[Python-Dev] file() or open()?
pinard at iro.umontreal.ca
Wed Jul 7 20:30:33 CEST 2004
[Guido van Rossum]
> Oops, yes. I didn't write that, and it doesn't convey my feelings
> about file() vs. open(). Here's a suggestion for better words:
> "The file class is new in Python 2.2. It represents the type (class)
> of objects returned by the built-in open() function. Its constructor
> is an alias for open(), but for future and backwards compatibility,
> open() remains preferred."
This is slightly saddening. I perceived the introduction of `file()' as
a nice cleanup in Python. I wonder if the quote above states the real
reason. Sometimes, we produce rationalisations for what was more of an
emotion initially. Here, another message on the same topic says:
> Maybe you'll change your mind when open() can return other objects
> besides files.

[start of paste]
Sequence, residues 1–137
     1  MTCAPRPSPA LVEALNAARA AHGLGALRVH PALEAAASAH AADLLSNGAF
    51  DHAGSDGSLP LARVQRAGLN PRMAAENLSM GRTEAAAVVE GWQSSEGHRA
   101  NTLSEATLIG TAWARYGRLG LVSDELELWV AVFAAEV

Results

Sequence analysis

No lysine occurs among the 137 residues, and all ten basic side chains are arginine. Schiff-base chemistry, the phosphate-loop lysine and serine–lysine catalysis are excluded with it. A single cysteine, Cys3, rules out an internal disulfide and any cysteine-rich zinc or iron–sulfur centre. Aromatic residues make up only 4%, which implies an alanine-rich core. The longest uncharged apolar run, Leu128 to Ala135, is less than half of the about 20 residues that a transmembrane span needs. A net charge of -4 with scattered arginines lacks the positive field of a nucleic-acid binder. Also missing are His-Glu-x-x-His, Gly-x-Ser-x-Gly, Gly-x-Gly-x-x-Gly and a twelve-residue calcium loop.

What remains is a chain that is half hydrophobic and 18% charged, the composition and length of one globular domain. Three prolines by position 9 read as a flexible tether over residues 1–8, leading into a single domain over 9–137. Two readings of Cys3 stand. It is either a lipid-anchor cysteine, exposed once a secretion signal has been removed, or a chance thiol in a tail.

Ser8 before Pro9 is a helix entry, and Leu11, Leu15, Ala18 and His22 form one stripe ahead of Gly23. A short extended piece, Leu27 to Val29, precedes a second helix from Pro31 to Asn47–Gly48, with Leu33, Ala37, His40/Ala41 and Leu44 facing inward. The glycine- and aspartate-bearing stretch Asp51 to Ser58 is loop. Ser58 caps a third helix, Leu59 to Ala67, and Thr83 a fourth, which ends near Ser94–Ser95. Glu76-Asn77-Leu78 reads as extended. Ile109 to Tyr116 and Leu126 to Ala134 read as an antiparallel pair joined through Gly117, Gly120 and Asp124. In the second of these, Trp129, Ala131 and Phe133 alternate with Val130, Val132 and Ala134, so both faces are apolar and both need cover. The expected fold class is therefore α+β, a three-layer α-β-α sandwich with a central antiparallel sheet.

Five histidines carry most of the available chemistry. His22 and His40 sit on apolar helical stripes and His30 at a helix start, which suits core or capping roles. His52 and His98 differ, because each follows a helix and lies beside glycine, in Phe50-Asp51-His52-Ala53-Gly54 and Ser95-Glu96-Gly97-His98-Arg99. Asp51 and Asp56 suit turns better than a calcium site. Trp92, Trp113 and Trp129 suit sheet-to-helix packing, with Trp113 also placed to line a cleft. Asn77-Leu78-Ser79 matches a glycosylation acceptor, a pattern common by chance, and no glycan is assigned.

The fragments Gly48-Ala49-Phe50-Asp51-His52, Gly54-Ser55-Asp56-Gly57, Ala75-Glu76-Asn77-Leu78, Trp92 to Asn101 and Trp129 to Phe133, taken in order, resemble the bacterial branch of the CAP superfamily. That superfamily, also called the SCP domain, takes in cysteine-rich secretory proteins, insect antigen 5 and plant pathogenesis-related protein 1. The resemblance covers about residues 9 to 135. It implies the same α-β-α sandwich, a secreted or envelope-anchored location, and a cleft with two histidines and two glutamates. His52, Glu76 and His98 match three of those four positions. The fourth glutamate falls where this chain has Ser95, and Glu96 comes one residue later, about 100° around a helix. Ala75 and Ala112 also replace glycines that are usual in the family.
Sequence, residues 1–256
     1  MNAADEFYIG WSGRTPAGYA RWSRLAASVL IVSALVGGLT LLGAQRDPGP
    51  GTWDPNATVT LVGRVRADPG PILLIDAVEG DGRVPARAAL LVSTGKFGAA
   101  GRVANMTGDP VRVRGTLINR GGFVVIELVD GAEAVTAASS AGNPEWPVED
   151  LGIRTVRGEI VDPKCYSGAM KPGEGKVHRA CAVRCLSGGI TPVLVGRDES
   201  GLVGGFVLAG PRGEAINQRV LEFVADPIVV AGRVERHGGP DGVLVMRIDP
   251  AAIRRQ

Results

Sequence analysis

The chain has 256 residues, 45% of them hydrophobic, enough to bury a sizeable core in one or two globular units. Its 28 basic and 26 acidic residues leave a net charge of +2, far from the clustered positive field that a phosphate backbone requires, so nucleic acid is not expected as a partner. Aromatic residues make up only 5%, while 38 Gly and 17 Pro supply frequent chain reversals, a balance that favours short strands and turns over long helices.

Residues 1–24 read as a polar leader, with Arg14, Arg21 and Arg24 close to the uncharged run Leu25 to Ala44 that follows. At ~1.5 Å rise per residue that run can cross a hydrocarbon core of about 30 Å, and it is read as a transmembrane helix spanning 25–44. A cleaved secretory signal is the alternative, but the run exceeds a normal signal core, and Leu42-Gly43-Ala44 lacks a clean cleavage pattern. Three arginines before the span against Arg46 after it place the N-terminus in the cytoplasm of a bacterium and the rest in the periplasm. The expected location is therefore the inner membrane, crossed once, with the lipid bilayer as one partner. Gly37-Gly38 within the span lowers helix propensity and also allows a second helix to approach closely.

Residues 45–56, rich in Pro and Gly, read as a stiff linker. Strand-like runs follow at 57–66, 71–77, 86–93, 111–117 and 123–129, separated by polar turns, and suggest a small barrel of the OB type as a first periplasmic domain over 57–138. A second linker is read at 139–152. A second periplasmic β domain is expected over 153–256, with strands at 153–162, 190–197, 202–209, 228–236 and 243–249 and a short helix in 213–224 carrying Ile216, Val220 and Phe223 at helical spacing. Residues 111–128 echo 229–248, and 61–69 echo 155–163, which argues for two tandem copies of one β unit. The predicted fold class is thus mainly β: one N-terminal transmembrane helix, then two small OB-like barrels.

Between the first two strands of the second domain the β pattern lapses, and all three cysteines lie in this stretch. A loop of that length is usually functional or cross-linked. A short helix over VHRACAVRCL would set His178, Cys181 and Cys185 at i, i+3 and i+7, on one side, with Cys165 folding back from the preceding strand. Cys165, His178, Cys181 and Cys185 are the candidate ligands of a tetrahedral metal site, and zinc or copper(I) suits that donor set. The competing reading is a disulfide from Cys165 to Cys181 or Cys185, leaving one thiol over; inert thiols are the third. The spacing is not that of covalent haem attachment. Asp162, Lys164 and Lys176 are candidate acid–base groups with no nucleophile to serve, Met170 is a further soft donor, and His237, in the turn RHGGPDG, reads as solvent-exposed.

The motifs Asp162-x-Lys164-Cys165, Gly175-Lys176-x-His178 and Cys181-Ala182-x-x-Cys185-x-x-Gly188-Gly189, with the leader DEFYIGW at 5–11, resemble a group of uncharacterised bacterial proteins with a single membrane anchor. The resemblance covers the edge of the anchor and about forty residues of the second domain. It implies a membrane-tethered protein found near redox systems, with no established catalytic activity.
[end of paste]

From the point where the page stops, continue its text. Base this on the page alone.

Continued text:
Granted that `open()' may be preferred for backwards compatibility, but
if it is meant to change or improve in the long run, maybe it should be
avoided, precisely for future compatibility.
Currently, I use `file()' when the meaning of my code is to create a
file object to be operated upon, but to otherwise let Python manage it.
Yet, I still use `open()' when the meaning of my code is opening a file,
usually implying that I will also explicitly close it. If `open()'
could return objects of various types, and my goal is really to get a
file object, may I presume that `file()' imposes itself as preferred?
François Pinard http://www.iro.umontreal.ca/~pinard
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